Smith, Tyson Tout Records in Race for Illinois' 10th Representative District

In Illinois' 10th Representative District, voters have a choice between two Democrats, though only one is listed that way on the ballot.

Attorney Lance Tyson is running under the Unity Party because Derrick Smith, who was booted from the Illinois House earlier this year after being indicted on federal bribery charges, is listed as the Democrat in an attempt to win back his seat.

Smith has pleaded not guilty to the charges and expressed confidence voters would send him back to Springfield. Illinois law says that if he is elected he cannot be expelled a second time for the same reason.

"It's looking pretty good. We're out doing what we have to do and talking to our constituents," Smith said Monday in an impromptu interview in the parking lot of Wallace Davis’ Catfish Corners, on the 2800 block of West Madison Street. "I have the people that’s supporting me, they are the ones that are encouraging me to run and to keep on running."

Tyson, the former chief of staff for former County Board President Todd Stroger, is backed by Gov. Pat Quinn, Secretary of State Jesse White and aldermen from eight wards in the district.

"We're winning, and we're aggressively letting folks know that a choice for my opponent would be a choice to make sure that we don't get the tax dollars that we send down to Springfield," Tyson said at his campaign headquarters.

Tyson doesn't, however, have the backing of current County Board President Toni Preckwinkle, who has called her predecessor "inept."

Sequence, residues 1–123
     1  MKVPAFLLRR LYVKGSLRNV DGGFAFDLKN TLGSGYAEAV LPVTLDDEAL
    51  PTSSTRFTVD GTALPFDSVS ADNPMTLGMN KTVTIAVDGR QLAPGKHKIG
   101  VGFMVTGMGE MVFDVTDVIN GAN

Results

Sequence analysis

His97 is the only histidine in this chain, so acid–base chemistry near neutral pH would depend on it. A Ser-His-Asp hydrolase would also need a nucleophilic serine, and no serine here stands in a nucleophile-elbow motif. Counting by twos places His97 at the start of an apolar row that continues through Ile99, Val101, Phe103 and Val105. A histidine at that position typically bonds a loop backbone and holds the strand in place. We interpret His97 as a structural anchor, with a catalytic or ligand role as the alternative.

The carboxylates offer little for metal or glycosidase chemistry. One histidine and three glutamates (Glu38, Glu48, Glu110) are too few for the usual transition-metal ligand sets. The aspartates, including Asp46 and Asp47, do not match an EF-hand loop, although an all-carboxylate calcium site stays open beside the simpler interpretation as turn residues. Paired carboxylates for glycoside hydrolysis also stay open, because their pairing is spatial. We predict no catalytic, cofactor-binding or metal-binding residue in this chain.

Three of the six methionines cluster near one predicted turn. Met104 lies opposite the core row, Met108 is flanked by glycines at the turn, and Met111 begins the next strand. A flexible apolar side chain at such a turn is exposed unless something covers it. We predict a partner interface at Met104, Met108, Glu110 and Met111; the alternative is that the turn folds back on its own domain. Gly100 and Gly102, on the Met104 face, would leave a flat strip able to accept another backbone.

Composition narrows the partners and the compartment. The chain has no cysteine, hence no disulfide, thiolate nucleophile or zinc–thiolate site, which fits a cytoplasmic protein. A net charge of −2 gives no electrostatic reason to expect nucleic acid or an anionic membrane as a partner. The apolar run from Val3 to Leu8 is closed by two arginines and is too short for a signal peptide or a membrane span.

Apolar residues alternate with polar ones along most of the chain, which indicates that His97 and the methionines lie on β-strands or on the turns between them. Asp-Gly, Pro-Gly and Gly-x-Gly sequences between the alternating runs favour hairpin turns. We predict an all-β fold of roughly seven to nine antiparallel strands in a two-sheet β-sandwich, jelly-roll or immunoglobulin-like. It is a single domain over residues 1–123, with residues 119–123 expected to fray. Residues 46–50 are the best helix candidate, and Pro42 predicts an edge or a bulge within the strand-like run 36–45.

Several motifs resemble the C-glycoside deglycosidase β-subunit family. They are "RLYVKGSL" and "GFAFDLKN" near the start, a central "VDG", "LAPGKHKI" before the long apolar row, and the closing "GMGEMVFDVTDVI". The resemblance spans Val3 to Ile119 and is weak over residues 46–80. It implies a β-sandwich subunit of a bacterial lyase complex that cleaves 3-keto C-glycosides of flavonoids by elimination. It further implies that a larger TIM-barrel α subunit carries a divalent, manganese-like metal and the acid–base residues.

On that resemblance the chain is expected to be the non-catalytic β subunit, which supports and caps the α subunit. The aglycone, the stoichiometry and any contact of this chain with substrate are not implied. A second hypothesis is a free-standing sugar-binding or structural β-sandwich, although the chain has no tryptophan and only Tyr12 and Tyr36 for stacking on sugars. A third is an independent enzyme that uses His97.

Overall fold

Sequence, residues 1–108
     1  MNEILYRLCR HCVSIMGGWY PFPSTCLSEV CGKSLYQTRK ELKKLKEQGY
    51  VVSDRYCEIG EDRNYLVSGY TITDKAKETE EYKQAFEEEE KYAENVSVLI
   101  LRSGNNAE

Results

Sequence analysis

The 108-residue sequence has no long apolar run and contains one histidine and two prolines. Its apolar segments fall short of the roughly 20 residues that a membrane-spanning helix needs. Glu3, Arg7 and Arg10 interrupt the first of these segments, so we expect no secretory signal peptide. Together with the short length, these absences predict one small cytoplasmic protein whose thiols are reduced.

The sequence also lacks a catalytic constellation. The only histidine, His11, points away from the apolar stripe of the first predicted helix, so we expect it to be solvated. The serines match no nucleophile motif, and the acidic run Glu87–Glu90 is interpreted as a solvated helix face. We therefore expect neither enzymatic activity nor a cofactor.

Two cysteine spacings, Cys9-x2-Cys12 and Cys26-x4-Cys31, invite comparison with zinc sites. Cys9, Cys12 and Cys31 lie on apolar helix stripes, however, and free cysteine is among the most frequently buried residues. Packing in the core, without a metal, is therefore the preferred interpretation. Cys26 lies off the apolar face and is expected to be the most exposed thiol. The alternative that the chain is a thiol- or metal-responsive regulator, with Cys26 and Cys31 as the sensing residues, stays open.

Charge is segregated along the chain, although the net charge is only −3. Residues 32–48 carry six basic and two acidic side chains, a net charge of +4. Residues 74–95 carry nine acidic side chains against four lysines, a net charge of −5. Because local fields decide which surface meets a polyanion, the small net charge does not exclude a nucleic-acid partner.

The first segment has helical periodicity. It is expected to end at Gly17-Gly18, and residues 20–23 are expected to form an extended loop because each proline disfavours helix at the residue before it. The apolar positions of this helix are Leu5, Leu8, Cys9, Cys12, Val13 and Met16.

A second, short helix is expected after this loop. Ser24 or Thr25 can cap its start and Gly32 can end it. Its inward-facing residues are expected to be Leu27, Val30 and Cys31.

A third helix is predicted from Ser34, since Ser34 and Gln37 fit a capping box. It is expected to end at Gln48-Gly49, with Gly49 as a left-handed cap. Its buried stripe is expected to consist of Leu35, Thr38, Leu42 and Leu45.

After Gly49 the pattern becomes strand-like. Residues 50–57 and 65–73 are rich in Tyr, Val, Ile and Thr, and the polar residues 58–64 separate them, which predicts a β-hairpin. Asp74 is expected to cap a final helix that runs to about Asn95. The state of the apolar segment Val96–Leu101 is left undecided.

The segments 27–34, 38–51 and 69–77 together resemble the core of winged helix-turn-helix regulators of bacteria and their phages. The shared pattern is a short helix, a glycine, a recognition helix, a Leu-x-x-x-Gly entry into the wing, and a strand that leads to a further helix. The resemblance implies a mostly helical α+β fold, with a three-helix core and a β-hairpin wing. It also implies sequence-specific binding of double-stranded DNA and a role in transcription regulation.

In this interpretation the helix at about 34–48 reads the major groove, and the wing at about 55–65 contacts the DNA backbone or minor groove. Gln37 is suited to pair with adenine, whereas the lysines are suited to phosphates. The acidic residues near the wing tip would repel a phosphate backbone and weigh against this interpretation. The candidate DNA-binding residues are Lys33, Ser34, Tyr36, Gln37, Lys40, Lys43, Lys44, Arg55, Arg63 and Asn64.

He deflected that criticism of his former boss, saying that while he was chief of staff, the Stroger Administration balanced the county budget, increased the scope of the Inspector General's office and left the county with one of the best credit ratings in the state.

"It's that type of expertise that I don't think has ever been seen by the voters here on the west side," said Tyson.

But Smith maintains his record in public service will prevail.

"[Tyson] hasn't been around. I've been around for over 26 years in the district but I've been involved in the political arena over 32 years and I just learned his name. I don't know who he is," said Smith.

At Moon's Sandwich Shop, voter Ron McCauley said he knows Tyson and has already cast his ballot for him at an early voting location.

"If [Smith has] been kicked out of the Assembly Hall, he can't represent me," he explained.

But behind the register, LaTonya Crump said she's sticking with the Democrat.

Smith declined to answer questions about the indictment, referring questions to his attorneys, but said he was looking forward to his day in court.

Asked his prediction for the outcome of the race, Smith said it's in God's hands.

"Only He knows," he said.

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